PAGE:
Saturday, December 29, 2012

Carromero goes home

Spanish Partido Popular activist Angel Carromero is back in Spain, having served a few months of his four-year sentence for vehicular manslaughter (El Pais).  He drove the car in which dissidents Oswaldo Paya and Harold Cepero were killed last July near Bayamo in an apparent one-car accident. 

His return is pursuant to a 1998 agreement between Cuba and Spain that allows for nationals convicted of crimes in the other’s country to serve their sentences in their home country.  Carromero is en route to a Spanish prison and could in time be granted parole or some kind of conditional release.  Granma’s December 16 article on the transfer of Carromero says that Spain made a commitment that he would serve his sentence “in a penitentiary establishment in Spain.”

Reaction in Spain is polarized.  Carromero’s political colleagues welcome him back from his “nightmare” while others show no sympathy for a Spaniard whose driver’s license was revoked in Spain and whose mission to Cuba resulted in the death of two Cuban citizens.  Search Twitter for “Carromero” and get an earful.

Carlos Paya, Oswaldo’s brother, continues to allege that it was not a one-car accident, that a red Lada driven by Cuban government agents followed Paya’s car, rammed it, and caused the accident.  In an interview, he said that he has seen text messages to that effect from the phone of Aron Modig, the Swedish activist who was in the passenger’s seat.  He also said that the trip of Carromero and Modig was sponsored by a Swedish Christian Democratic organization.

Indeed, it is possible that Carromero will change his tune now that he is on Spanish soil.  In Cuba his account was of a one-car accident: he braked when he came upon an unpaved stretch of highway and lost control.  Modig, in interviews in Sweden, has claimed to have been sleeping and remembers nothing.  Maybe with Carromero home he too will change his tune, and those who are said to have received text messages will disclose them.  The questions that would then arise would include how they nearly reached Bayamo from Havana in eight hours after three stops, and why they would continue driving if they were being rammed by another car.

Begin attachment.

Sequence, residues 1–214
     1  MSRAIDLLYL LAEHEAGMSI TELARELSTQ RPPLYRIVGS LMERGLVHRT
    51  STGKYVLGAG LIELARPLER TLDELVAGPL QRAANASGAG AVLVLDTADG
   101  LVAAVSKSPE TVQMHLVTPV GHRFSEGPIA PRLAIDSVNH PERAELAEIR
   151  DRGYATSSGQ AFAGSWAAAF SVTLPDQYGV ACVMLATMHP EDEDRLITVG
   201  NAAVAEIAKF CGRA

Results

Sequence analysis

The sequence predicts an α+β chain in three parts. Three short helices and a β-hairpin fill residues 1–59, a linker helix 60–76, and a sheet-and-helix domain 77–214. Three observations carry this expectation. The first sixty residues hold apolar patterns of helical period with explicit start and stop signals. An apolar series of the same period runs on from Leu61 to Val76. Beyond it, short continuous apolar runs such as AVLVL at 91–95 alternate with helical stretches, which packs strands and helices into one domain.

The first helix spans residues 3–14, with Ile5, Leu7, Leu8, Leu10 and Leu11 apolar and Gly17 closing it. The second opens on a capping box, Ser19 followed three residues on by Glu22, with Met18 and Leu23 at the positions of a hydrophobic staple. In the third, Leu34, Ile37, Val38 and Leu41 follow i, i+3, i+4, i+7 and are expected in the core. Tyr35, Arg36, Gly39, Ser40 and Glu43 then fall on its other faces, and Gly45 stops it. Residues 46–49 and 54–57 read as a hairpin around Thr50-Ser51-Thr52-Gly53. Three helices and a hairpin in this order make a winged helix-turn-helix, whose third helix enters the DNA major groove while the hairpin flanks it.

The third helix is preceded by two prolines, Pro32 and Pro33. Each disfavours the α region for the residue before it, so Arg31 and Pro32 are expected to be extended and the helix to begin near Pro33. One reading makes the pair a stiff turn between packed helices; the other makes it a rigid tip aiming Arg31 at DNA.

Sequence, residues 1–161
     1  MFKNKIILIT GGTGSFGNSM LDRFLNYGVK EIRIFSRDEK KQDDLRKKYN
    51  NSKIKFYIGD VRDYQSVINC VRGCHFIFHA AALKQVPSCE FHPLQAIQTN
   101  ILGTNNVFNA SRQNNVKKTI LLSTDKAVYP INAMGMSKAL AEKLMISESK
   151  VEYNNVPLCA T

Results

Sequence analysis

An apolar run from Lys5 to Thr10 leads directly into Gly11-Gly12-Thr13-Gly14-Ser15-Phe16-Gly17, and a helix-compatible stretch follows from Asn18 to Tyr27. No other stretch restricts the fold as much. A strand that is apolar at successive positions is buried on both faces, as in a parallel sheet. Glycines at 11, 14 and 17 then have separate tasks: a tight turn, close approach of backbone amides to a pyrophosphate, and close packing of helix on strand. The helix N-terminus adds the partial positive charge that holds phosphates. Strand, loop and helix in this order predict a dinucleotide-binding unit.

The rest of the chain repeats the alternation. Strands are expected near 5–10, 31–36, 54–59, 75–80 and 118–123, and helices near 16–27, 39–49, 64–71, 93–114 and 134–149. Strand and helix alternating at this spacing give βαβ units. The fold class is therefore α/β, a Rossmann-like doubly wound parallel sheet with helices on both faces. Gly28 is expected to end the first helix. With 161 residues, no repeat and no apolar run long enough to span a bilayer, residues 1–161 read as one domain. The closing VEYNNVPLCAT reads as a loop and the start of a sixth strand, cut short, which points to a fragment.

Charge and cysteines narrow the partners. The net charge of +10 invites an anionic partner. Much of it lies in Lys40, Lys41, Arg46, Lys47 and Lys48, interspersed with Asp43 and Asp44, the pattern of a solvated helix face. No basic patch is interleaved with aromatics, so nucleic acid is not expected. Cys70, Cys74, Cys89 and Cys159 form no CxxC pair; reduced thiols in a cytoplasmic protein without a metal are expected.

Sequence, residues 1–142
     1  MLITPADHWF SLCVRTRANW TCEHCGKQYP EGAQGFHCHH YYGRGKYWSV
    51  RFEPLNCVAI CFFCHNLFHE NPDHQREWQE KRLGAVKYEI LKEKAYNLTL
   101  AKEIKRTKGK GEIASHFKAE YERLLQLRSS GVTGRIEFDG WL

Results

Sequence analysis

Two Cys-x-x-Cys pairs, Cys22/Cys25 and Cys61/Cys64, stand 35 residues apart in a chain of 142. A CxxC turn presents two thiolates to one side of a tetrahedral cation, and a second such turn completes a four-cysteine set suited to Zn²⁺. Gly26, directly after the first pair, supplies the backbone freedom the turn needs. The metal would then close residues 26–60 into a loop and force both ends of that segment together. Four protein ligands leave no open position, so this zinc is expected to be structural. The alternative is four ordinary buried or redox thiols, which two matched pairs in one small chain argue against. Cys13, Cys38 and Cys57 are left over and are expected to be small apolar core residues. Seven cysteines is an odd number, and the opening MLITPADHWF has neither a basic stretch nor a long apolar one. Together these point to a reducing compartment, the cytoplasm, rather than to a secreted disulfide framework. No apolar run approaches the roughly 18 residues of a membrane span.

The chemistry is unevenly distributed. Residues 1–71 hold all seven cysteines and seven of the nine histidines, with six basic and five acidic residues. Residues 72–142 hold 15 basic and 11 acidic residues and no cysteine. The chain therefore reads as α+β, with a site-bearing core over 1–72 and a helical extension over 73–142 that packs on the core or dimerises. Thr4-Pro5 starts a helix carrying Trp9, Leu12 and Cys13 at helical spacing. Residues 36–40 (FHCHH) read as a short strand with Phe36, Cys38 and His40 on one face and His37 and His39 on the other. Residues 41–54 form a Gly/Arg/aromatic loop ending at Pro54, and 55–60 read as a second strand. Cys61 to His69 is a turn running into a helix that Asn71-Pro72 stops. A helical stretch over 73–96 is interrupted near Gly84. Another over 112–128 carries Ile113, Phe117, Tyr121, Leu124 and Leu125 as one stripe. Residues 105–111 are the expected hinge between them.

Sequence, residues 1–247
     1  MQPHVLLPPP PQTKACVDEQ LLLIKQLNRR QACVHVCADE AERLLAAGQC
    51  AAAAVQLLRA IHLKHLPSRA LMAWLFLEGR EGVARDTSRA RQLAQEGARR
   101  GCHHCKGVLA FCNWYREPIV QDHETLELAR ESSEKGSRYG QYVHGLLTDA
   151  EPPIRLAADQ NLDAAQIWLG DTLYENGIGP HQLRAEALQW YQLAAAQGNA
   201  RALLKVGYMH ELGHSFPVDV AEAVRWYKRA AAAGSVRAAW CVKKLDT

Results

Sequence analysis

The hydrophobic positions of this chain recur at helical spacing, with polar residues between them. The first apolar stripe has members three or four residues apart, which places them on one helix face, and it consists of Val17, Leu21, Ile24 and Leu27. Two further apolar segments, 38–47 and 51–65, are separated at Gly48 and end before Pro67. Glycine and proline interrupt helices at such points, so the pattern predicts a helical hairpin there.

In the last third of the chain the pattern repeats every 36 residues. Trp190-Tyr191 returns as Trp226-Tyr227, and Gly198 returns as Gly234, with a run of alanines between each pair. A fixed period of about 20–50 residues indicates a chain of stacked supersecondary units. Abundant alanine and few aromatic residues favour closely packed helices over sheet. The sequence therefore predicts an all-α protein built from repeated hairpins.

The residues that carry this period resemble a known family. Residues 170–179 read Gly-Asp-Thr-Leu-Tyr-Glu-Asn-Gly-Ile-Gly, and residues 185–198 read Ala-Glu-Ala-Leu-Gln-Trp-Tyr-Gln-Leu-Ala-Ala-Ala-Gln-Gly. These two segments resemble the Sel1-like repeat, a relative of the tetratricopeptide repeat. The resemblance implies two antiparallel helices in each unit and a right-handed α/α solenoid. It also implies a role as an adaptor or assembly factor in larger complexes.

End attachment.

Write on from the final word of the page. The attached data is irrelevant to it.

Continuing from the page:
More complete background and discussion here. 

Other recent stories:

·         Ofelia Acevedo, Paya’s widow, sought to meet Carromero before he departed Cuba and presented her request to Spain’s ambassador in Havana.  The request was denied.  Carromero was transferred by Cuban police to Spanish police before departure.

·         This Spanish media report says, without sourcing, that discussions between representatives of Carromero’s family and representatives of the Cuban government resulted in a deal: a payment of $3 million (to whom, it doesn’t say) and “a promise that once on Spanish soil, Carromero will not speak about what happened in the accident.”

·         The Spanish foreign minister says that Spain “conceded nothing” to Cuba in return for Carromero’s transfer.  He noted separately that Spain supports a “flexible” interpretation of EU policy toward Cuba (the “Common Position”) that could lead to an economic cooperation agreement.

(Poster from this less-than-complimentary article, h/t Babalu.)

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